Haptic human–human interaction does not improve individual visuomotor adaptation

Niek Beckers*, Edwin H.F. van Asseldonk, Herman van der Kooij

*Corresponding author for this work

Research output: Contribution to journalArticleAcademicpeer-review

11 Citations (Scopus)
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Haptic interaction between two humans, for example, a physiotherapist assisting a patient regaining the ability to grasp a cup, likely facilitates motor skill acquisition. Haptic human–human interaction has been shown to enhance individual performance improvement in a tracking task with a visuomotor rotation perturbation. These results are remarkable given that haptically assisting or guiding an individual rarely benefits their individual improvement when the assistance is removed. We, therefore, replicated a study that reported that haptic interaction between humans was beneficial for individual improvement for tracking a target in a visuomotor rotation perturbation. In addition, we tested the effect of more interaction time and a stronger haptic coupling between the partners on individual improvement in the same task. We found no benefits of haptic interaction on individual improvement compared to individuals who practised the task alone, independent of interaction time or interaction strength.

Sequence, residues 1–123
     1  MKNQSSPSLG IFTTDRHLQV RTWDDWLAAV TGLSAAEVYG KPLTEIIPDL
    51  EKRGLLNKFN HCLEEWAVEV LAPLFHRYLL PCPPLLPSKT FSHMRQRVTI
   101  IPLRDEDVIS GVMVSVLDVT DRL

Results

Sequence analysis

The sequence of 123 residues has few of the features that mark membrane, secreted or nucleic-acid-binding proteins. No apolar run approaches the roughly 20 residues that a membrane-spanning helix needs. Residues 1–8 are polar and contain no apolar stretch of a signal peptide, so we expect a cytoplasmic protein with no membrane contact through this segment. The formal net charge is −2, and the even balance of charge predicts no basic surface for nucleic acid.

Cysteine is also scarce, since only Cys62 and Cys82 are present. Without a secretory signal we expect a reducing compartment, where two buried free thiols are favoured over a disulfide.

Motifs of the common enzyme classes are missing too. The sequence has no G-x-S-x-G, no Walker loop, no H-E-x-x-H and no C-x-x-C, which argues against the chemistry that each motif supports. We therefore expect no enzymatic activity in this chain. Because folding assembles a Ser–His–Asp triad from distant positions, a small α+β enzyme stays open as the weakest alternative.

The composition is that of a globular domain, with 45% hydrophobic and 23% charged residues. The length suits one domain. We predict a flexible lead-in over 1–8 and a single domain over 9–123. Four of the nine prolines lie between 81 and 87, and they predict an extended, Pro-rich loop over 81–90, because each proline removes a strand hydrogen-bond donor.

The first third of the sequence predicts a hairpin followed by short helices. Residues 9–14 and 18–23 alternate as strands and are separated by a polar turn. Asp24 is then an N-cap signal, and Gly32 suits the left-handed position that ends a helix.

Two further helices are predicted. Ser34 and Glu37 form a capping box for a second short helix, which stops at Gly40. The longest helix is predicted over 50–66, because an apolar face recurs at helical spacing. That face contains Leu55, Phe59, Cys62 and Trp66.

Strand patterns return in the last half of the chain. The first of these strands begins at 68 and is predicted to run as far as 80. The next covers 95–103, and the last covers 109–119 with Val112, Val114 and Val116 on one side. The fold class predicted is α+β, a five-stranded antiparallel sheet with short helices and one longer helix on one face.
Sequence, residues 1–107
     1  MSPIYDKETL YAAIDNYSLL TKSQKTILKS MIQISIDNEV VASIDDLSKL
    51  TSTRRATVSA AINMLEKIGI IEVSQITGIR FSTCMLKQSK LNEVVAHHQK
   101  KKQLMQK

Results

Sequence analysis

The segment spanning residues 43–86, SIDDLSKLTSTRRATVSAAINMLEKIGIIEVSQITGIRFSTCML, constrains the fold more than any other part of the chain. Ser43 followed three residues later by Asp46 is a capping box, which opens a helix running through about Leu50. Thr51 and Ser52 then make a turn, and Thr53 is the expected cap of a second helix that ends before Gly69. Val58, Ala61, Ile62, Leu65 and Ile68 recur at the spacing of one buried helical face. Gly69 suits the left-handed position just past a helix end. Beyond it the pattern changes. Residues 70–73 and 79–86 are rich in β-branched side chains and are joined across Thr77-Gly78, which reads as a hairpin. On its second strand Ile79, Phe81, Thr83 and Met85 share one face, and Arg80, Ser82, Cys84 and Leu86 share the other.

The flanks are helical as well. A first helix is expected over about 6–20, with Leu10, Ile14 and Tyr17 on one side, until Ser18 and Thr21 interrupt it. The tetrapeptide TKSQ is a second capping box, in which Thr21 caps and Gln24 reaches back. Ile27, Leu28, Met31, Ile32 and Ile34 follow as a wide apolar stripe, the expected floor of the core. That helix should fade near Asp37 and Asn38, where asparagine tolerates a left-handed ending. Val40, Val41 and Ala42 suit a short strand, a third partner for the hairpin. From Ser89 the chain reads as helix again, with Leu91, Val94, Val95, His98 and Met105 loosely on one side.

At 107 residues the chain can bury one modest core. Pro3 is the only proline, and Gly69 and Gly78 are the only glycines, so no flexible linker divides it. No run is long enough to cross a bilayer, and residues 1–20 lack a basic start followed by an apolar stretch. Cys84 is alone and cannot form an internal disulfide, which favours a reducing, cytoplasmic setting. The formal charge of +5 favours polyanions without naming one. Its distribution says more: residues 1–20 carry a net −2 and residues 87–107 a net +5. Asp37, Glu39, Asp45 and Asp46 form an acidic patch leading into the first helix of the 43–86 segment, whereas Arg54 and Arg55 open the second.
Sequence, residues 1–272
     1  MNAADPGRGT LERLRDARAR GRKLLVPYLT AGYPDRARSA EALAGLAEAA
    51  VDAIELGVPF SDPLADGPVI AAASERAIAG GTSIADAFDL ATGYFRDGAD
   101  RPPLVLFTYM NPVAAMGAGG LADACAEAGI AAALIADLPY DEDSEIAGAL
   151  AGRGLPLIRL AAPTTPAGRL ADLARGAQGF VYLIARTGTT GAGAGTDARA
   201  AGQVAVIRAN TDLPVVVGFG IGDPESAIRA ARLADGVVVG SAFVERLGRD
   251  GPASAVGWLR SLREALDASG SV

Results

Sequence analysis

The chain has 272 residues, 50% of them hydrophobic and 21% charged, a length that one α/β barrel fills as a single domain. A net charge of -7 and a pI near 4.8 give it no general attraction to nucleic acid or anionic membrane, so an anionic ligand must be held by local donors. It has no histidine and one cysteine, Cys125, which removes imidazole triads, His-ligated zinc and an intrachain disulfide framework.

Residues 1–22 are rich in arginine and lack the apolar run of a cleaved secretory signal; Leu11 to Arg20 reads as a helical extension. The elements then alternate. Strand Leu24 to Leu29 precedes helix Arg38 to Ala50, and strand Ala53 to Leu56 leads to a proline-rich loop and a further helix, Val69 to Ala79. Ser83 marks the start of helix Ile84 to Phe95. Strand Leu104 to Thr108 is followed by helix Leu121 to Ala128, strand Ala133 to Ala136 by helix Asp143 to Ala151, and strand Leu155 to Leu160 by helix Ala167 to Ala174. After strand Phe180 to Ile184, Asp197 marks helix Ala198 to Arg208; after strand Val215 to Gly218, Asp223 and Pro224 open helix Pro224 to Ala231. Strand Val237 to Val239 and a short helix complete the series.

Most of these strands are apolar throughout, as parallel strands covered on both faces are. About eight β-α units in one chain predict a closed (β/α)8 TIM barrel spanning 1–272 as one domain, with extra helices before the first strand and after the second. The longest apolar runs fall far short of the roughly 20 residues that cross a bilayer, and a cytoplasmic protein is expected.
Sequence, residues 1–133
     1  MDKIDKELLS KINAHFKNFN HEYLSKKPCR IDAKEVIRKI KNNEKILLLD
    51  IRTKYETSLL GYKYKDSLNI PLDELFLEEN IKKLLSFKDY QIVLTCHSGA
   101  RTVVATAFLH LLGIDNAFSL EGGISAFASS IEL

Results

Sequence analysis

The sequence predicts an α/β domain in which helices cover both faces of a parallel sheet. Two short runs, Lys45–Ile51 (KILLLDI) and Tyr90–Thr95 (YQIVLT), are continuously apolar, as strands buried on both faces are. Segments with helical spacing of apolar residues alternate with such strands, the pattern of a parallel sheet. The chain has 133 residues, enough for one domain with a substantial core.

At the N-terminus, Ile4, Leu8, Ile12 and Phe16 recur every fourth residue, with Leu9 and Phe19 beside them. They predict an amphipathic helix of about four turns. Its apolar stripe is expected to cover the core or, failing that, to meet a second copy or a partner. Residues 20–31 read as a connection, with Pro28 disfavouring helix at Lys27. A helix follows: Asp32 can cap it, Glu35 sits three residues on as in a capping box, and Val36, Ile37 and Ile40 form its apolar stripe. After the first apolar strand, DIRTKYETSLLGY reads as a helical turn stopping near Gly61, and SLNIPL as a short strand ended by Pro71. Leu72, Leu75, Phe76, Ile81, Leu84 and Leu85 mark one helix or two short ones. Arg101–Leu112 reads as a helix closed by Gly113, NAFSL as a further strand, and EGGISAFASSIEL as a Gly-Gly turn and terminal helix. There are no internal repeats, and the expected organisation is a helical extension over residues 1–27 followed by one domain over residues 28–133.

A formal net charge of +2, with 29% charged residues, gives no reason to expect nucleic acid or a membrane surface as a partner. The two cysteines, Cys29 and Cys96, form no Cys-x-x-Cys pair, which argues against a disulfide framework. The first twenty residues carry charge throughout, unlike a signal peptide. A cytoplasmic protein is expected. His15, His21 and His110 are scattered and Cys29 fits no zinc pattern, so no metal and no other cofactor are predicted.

Original languageEnglish
Article number19902
JournalScientific reports
Issue number1
Publication statusPublished - 16 Nov 2020


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